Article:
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Iberdrola group is the top producer of wind power in the world and a leader in renewable energy at the global level, thanks to its investments of 120 billion euros in the last 20 years, to which other €75 billion will be added until 2025 — increased to €150 billion in 2030, 90 % of which is aligned with the EU green taxonomy. Within its commitment to the UN Sustainable Development Goals, the company focuses particularly on SDG 7, Affordable and Clean Energy, and is working to bring electricity to everyone and to optimise energy use.
Iberdrola group is committed to leading the energy transition, a task that it began 20 years ago, and in which it has invested €120 bn since then, making it the world leader in renewables (world leader in wind power, with more than 20 GW of own installed capacity1). These investments — aimed at electrification of the economy, innovation and technological advances and greater consumer connectivity — will be supplemented by a historic investment plan for a further 75 billion by 2025, now increased to 150 billion by 2030, which shall be invested to achieve an installed renewable capacity of 60 GW by 2025 and 95 GW by the end of the decade, thus tripling the current figure. Likewise, 90 % of this long-term plan is aligned with the European Union taxonomy for mitigating climate change.
80 % of the group's installed capacity comes from emissions-free sources1. Furthermore, the company generates 100 % of its energy with zero emissions in countries such as the United Kingdom, Germany and Portugal.
The offshore wind farm East Anglia ONE, in British waters in the North Sea, is the biggest wind facility in Iberdrola's history and one of the largest in the world in its class, with 714 MW. It is run by ScottishPower External link, opens in new window., the group's UK subsidiary, which is currently the only 100% renewable electricity company in the country.
Energy efficiency: 73.7 million tonnes of CO2 emissions avoided over the last three years2. In addition, the company has committed to become carbon neutral by 2030 in Europe, where its emissions for the period are already only 43 g/kWh, and reduce its global CO2 emissions to 50 g/kWh by the end of the decade, becoming carbon neutral globally by 2050.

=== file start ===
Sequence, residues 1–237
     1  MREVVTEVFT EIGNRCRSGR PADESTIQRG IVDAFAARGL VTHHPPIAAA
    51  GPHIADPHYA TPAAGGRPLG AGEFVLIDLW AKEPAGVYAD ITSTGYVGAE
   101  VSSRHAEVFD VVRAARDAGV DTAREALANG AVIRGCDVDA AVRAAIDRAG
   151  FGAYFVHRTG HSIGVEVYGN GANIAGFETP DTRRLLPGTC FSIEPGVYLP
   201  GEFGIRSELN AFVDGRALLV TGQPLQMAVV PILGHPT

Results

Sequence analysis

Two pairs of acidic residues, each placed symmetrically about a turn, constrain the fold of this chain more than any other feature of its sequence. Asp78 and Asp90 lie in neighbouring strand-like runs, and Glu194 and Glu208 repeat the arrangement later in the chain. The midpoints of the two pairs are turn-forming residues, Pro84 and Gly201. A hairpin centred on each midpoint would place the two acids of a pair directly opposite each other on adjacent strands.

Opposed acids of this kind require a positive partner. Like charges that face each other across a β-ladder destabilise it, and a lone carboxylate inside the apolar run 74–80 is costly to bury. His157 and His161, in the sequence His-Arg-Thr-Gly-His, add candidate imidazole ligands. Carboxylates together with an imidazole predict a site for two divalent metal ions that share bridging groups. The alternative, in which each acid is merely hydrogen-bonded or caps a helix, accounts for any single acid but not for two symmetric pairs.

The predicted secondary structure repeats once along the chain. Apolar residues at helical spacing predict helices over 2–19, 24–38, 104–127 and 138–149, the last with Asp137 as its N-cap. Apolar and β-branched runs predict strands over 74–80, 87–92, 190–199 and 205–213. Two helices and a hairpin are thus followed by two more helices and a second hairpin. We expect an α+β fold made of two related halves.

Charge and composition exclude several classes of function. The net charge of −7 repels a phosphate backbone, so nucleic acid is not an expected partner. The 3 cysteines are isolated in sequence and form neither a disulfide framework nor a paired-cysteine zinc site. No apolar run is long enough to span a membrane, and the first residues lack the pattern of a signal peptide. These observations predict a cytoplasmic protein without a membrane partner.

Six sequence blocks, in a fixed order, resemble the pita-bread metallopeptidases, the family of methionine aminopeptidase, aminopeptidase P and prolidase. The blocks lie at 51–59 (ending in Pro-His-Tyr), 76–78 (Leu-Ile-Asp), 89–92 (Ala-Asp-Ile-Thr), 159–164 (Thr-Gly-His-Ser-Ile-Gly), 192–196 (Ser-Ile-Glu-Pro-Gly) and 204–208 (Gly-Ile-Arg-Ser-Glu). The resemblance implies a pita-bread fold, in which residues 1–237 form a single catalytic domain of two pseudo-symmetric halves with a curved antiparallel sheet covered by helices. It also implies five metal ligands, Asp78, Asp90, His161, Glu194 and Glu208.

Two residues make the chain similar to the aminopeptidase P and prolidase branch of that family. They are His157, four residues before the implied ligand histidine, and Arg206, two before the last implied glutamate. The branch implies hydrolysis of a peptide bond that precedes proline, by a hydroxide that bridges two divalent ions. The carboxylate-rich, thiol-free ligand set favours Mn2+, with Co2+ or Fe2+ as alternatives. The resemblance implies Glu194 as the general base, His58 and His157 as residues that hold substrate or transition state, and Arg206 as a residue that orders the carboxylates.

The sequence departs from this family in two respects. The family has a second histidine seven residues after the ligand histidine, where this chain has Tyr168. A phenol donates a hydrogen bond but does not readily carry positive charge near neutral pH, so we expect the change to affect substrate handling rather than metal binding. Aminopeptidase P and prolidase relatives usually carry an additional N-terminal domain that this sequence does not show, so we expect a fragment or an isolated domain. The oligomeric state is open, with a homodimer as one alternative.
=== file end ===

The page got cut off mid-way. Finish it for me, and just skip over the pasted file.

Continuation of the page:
Electricity for all: since the launch of the programme in January 2014, Iberdrola has brought electricity to 9.6 million people who previously had no access to this energy source, through projects based on modern forms of energy and with environmentally sustainable models developed in a number of Latin American and African countries. By 2030, the company has set itself the target of increasing the number of people benefiting to more than 16 million.
Luces de Esperanza (Lights of Hope) External link, opens in new window.: a project instigated by Iberdrola México External link, opens in new window., in conjunction with Iluméxico, to bring electricity to 60 rural communities in Mexico, thanks to the installation of solar panels in homes, schools, health centres and community areas. The programme involves an investment of 60 million Mexican pesos and will benefit 12,000 people.
Vulnerable customer protection procedures: 100 % cover for customers in a position of vulnerability in Spain. Warm Home Discount Programme and Price Cap in the UK. Operation Fuel in Connecticut (USA).
A pioneer in Socially Responsible Investment, the group has become an international benchmark in green finance with more than 13.2 billion euros issued in green bonds since 2014. In fact, during the first quarter of 2022, Iberdrola reopened the fixed-income Euromarket with a €1 billion green bond issue with a 10-year maturity.
1 Data at the close of the Q1 2022.
2 Data taken from the Sustainability Report.
SDG 7 seeks to ensure access to affordable, reliable, sustainable and modern energy for all. This means doubling the global rate of energy efficiency improvements, as well as substantially increasing the percentage of renewables in the energy mix.
Some 840 million people, over 10 % of the world's population, live without electricity1 and a further billion are connected to unreliable and unstable power networks2. Today, almost 3 billion people in Asia and the Southern Sahara still use polluting fuels for cooking (wood, charcoal, dung or soft coal)3. This represents 40 % of the population of the world.
This lack of access to reliable and sustainable energy creates serious problems both for human beings and for the environment. The UN reckons that four million premature deaths result as a consequence of air pollution derived from the burning of biomass for cooking and heating. The UN also claims that energy use constitutes 60 % of total global emissions of greenhouse gases (GHG), the main factor leading to climate change.
Facing up to this situation has become a vital goal on an international scale, which is why the UN has declared it necessary to ensure access to affordable, reliable, sustainable and modern energy for all as the SDG 7 of its 17 Sustainable Development Goals, approved in September 2015 as part of the 2030 Agenda.
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1 World Bank.
2 Frontiers 2017, the latest UN report on environmental challenges.
3 Tracking SDG7: The energy progress report, published in 2019 by the World Health Organisation (WHO), together with the World Bank, the International Energy Agency (IEA), the UN and the International Renewable Energy Agency (IRENA).
Despite the number of people in the world without access to electricity having reduced by more than half since 2000, it is vital to keep working to end this situation, otherwise by 2030 there will still be 674 million people living without electricity and 2.3 billion people using polluting cooking methods.
For this reason, the specific targets set for 2030 are: